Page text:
19th Century Actor Autobiographies
By George Iles, Editor
Public Domain Books
“Joseph Jefferson, Full-Length Portrait, seated on Table, Facing Right, Looking at a Woman.”
Credit: Falk, Benjamin J., photographer.
Copyright 1894. Prints and Photographs Division, Library of Congress.
[William Winter, the dramatic critic of the New York Tribune, in 1894 wrote the “Life and Art of Joseph Jefferson,” published by the Macmillan Company, London and New York. He gives an account of Jefferson’s lineage, and then says:
“In Joseph Jefferson, fourth of the line, famous as Rip Van Winkle, and destined to be long remembered by that name in dramatic history, there is an obvious union of the salient qualities of his ancestors. The rustic luxuriance, manly vigour, careless and adventurous disposition of the first Jefferson; the refined intellect, delicate sensibility, dry humour, and gentle tenderness of the second; and the amiable, philosophic, and drifting temperament of the third, reappear in this descendant. But more than any of his ancestors, and more than most of his contemporaries, the present Jefferson is an originator in the art of acting.... Joseph Jefferson is as distinct as Lamb among essayists, or George Darley among lyrical poets. No actor of the past prefigured him, ... and no name, in the teeming annals of modern art, has shone with a more tranquil lustre, or can be more confidently committed to the esteem of posterity.”
The Autobiography of Joseph Jefferson, copyright, 1889, 1890, by the Century Company, New York, was published 1891. From its chapters, by permission, have been taken these pages.–ED.]
How I Came to Play Rip Van Winkle
The hope of entering the race for dramatic fame as an individual and single attraction never came into my head until, in 1858, I acted Asa Trenchard in “Our American Cousin"; but as the curtain descended the first night on that remarkably successful play, visions of large type, foreign countries, and increased remuneration floated before me, and I resolved to be a star if I could. A resolution to this effect is easily made; its accomplishment is quite another matter.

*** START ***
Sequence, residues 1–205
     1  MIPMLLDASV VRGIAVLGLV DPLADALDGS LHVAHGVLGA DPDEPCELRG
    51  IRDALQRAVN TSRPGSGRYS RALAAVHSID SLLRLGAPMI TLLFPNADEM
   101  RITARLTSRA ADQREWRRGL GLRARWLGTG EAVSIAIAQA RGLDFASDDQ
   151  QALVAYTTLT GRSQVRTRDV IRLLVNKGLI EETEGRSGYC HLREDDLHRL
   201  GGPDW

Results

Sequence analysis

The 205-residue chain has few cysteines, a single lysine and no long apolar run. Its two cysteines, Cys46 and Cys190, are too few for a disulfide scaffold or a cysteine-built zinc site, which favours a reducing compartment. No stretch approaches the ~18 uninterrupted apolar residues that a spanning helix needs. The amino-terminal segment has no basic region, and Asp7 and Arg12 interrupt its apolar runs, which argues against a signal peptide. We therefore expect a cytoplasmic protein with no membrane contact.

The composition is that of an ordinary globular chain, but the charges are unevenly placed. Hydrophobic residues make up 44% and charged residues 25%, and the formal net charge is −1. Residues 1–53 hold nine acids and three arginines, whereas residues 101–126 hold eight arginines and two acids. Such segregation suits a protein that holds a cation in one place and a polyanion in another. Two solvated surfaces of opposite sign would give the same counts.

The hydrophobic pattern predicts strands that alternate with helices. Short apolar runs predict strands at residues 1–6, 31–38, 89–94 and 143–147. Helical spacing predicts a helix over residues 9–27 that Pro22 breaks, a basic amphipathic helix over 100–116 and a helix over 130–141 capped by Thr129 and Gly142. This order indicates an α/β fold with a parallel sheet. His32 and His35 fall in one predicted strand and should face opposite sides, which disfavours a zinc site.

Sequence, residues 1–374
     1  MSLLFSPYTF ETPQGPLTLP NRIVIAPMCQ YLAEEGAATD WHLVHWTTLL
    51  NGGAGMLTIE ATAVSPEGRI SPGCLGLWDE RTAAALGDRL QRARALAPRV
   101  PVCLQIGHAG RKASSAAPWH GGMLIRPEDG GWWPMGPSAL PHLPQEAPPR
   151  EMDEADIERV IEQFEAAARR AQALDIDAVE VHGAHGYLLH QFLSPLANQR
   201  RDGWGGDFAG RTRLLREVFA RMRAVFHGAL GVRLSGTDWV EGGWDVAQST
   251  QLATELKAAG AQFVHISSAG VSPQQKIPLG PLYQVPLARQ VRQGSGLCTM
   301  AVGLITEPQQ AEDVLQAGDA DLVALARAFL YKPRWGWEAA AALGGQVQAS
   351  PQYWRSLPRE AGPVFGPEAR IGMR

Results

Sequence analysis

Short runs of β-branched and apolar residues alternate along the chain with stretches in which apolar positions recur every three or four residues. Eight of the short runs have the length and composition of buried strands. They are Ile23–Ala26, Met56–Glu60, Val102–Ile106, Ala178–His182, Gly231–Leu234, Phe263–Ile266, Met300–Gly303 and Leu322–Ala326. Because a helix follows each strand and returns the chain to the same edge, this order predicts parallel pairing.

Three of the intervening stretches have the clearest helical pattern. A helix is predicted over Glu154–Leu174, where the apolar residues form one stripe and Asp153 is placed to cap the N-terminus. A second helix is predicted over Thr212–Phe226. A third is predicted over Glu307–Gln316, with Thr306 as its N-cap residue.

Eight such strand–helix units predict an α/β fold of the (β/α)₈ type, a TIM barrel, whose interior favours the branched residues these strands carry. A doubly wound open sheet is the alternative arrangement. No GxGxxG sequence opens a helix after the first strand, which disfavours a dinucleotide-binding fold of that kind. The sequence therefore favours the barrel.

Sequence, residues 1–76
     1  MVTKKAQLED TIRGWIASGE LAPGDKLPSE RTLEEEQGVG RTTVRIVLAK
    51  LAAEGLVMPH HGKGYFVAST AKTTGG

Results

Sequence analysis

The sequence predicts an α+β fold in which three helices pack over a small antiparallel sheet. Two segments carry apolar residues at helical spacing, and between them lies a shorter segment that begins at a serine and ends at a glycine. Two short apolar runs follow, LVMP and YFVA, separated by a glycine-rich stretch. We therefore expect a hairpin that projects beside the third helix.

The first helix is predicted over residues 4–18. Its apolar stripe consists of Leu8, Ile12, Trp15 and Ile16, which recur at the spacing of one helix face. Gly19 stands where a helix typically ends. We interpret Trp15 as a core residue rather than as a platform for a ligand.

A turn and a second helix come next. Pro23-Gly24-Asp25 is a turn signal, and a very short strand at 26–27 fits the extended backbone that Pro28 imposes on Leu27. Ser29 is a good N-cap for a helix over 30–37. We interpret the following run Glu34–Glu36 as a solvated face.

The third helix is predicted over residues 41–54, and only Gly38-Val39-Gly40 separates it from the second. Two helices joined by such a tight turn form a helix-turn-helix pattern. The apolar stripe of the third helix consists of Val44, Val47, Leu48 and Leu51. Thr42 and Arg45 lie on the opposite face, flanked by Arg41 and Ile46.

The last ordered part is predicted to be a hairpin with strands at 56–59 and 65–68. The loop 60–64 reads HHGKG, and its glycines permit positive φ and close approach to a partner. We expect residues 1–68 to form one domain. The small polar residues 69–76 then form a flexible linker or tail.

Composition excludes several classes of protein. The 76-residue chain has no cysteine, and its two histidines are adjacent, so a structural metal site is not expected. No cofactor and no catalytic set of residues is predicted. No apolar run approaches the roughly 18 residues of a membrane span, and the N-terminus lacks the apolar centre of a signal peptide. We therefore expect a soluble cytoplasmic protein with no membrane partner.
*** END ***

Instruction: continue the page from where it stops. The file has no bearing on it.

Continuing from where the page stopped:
Art has always been my sweetheart, and I have loved her for herself alone. I had fancied that our affection was mutual, so that when I failed as a star, which I certainly did, I thought she had jilted me. Not so. I wronged her. She only reminded me that I had taken too great a liberty, and that if I expected to win her I must press my suit with more patience. Checked, but undaunted in the resolve, my mind dwelt upon my vision, and I still indulged in day-dreams of the future.
During these delightful reveries it came up before me that in acting Asa Trenchard I had, for the first time in my life on the stage, spoken a pathetic speech; and though I did not look at the audience during the time I was acting–for that is dreadful–I felt that they both laughed and cried. I had before this often made my audience smile, but never until now had I moved them to tears. This to me novel accomplishment was delightful, and in casting about for a new character my mind was ever dwelling on reproducing an effect where humour would be so closely allied to pathos that smiles and tears should mingle with each other. Where could I get one? There had been many written, and as I looked back into the dramatic history of the past a long line of lovely ghosts loomed up before me, passing as in a procession: Job Thornberry, Bob Tyke, Frank Ostland, Zekiel Homespun, and a host of departed heroes “with martial stalk went by my watch." Charming fellows all, but not for me, I felt I could not do them justice. Besides, they were too human. I was looking for a myth–something intangible and impossible. But he would not come. Time went on, and still with no result,